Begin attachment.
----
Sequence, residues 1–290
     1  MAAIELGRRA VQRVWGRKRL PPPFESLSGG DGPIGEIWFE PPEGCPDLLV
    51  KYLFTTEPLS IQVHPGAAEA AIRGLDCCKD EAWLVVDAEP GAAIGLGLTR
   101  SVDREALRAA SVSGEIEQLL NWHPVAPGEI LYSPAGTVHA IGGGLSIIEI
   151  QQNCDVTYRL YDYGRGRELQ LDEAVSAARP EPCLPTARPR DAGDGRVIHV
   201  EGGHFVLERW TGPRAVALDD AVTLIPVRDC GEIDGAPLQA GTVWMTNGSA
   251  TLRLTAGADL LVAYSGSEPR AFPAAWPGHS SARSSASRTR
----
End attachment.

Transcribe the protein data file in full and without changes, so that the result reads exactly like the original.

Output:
Sequence, residues 1–290
     1  MAAIELGRRA VQRVWGRKRL PPPFESLSGG DGPIGEIWFE PPEGCPDLLV
    51  KYLFTTEPLS IQVHPGAAEA AIRGLDCCKD EAWLVVDAEP GAAIGLGLTR
   101  SVDREALRAA SVSGEIEQLL NWHPVAPGEI LYSPAGTVHA IGGGLSIIEI
   151  QQNCDVTYRL YDYGRGRELQ LDEAVSAARP EPCLPTARPR DAGDGRVIHV
   201  EGGHFVLERW TGPRAVALDD AVTLIPVRDC GEIDGAPLQA GTVWMTNGSA
   251  TLRLTAGADL LVAYSGSEPR AFPAAWPGHS SARSSASRTR